She stops pacing, looks at me dead-on. “I’m not a fucking baby.”
“So what if we sleep in the car? It’s a better adventure, anyway. We’ll save some cash, get a pizza or something. What’s the difference between the car and the basement floor?”
She sits down on the concrete curb of the parking lot, rests her forehead on the Saturn’s hot hood. “Fine,” she says, eventually, in a voice so small. “Whatever.”
She doesn’t turn the radio back on, but drives silently to a Walmart up the street, parks beneath a lamppost that lights up the car like another illusion of an impossible moon. I pay for a box of popcorn chicken from the deli counter, a bag of pretzels. Joey’s favorite. We eat with our feet on the dash, seats pushed all the way back, the sunroof open to a smattering of stars I allow myself to pretend, just for now, are really there. Not puncture wounds in the dome surface, lies we tell ourselves to feel less alone. Signs of life, round and burning.
We crack two of the beers we brought to clink at the world’s edge and I’m my terrible self again.
“Truth or dare,” I say.
“I don’t want to play right now. Where’d you put my phone?”
“I’ll go first, then. Dare.”
“I dare you to give me my phone.”
I pull it out of the glove compartment and tell her not to read the messages. They’ll only make her sad. I watch her face crumple as she scrolls, her shoulders sink.
“They’re just worried,” I tell her. “Who cares?”
She turns her back to me in her car seat. I watch her screen over her shoulder, follow her finger as it opens a message from Connor.
miss u, it says. where were u 2day?
“Christ,” I tell the back of her head. “Why even bother replying? Fuck him.”
“Shut up.” Her painted pink thumbs type back: miss u 2.
The grey bubble that means Connor’s with us in the Saturn now thinks and thinks, disappears, thinks some more.
“Come on,” I say. “He’s nothing. Nothing.”
She’s quiet for the longest time. If I died, right now, I can’t be sure she’d save me.
“Truth or dare,” she whispers, finally.
“Tell me what’s gonna happen at the edge.”
“That’s a truth,” I say. “You can’t disguise a truth as a dare.”
She turns around. “Just tell me.”
“I don’t know,” I say. “I don’t know. But we’ll see it together.”
“What if I don’t want to see it? What if I don’t care as much as you do?”
I’m the one to turn away this time.
I play dead until it almost works, until I’m asleep and dreaming only of darkness, black waves warm on my skin. In the morning, she puts the music back on. We watch the ugly earth wake up while we drive, the dry colors. Hot, circling sun.
* * *
We need gas again by mid-morning. I keep my eyes peeled to the trees, the white and yellow traffic lines, but no signs appear to lead us back into the world. My phone’s GPS says it’ll be another forty miles before the next exit.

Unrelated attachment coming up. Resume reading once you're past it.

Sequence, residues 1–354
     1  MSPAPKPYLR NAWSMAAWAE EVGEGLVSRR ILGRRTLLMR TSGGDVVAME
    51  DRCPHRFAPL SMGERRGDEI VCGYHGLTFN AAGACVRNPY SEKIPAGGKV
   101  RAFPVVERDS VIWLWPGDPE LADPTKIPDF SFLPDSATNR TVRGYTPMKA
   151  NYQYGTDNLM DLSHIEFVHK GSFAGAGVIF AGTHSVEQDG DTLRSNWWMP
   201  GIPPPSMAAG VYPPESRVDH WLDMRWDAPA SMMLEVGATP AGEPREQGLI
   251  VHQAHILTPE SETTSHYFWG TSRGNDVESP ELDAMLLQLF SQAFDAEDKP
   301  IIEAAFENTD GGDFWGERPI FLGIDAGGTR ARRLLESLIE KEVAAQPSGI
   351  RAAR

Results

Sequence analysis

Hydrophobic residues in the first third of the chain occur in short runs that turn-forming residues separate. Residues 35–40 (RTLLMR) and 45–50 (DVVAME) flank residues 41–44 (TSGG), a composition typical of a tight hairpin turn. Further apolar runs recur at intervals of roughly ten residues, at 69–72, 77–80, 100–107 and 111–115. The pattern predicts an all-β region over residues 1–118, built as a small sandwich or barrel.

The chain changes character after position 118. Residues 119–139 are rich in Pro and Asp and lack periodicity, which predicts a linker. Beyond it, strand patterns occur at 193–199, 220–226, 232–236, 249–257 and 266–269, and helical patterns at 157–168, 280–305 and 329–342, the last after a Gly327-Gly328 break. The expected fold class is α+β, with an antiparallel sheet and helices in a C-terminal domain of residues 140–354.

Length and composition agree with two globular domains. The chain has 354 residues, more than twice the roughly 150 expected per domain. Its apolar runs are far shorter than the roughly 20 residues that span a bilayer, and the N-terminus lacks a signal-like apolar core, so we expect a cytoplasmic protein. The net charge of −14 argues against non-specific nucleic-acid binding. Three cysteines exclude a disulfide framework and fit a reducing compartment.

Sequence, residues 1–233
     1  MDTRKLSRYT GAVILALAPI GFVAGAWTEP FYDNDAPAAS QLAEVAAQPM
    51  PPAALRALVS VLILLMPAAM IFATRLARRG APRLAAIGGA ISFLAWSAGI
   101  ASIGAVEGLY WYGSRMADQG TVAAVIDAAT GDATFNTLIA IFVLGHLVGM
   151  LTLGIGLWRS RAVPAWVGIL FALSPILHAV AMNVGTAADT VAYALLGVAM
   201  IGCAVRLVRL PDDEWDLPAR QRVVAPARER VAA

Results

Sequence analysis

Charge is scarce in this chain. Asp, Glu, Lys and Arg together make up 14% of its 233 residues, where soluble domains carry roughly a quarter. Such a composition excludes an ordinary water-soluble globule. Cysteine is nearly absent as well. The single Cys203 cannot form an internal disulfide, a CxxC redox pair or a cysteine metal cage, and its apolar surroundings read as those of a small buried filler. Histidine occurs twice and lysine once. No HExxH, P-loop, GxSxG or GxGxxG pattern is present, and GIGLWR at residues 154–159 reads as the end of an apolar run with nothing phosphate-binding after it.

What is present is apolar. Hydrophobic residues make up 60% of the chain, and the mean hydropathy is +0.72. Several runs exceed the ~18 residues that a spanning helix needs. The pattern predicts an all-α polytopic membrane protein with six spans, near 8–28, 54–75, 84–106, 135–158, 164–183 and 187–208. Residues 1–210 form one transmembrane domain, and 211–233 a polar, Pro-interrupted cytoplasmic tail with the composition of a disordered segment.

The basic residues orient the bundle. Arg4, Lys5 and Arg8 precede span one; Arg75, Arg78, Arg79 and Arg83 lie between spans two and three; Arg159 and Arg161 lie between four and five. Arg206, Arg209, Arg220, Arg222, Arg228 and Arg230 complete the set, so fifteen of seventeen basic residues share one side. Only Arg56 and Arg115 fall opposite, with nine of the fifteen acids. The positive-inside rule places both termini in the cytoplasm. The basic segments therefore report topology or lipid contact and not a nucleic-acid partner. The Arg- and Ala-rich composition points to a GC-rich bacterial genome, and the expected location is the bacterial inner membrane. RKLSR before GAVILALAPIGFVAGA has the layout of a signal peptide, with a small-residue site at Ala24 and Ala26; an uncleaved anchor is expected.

Joey seems better today, but still quiet. I try not to worry too much about her cold feet. I expected this, that it’d be the small stuff to scare her, but that once we were there, swimming out together towards our point of no return, she’d understand. She’d be all in. She’d follow me. We’ve already passed into South Carolina, could reach Florida just before dark if we stay focused. My parents haven’t tried to call yet.
The console begins to beep as the tank empties.
“Fuck,” Joey says. She starts to swerve.
“It’s okay,” I say. “It’s okay, it’s okay. Just pull over. Just—” I try to grab the wheel, but she slaps my hands away.
“Don’t touch anything!”
“Where?” She slams her foot hard on the gas, but the Saturn’s already slowing down, engine burping. “Fuck,” she screams again. She starts to cry.
I punch the hazard button and the minivan behind us releases a riot of honks as it speeds past, but the few other cars on the highway begin to slow. They let us veer into the farthest lane, Joey a mess at the jerking wheel, console lights blinking out like lost satellites. We careen into a patch of grass off the road’s shoulder. The radio sputters to a stop. We don’t say anything. A forever passes, thick and treacherous.
And then: “So what now?” I can’t tell if she’s laughing or crying. She punches the wheel with her palms, hair stuck and sweaty on her face. “What’s the plan now?”
I try to reach for her, but she sinks away from my hand.
“Don’t blame this all on me,” I say. “You were the one driving.”
She looks at me and her face changes. She shakes her head. She looks sad, sad for me. Like I’m the stupid one, late to a party she’s already danced herself through. Like she feels sorry for me. She unlocks her phone.
“What are you doing? Don’t—”
“Shut up.” Her fingers find us on her map, zoom into the red pin-drop of the Saturn stalled in the middle of nowhere, so far from home. And then she hides her screen from me and is dialing a number.
“Joey,” I say, but it’s sticky in my throat, something I can’t swallow lodged in the deepest, darkest part of me. “Come on, Jo, don’t—”
“Mommy,” she cries. “It’s me. I’m okay, I’m okay. I’m so sorry. I’m sharing my pin,” she says. “We need help. I don’t know. South Carolina. I’m sorry, I’m sorry. I’m okay. I’m—”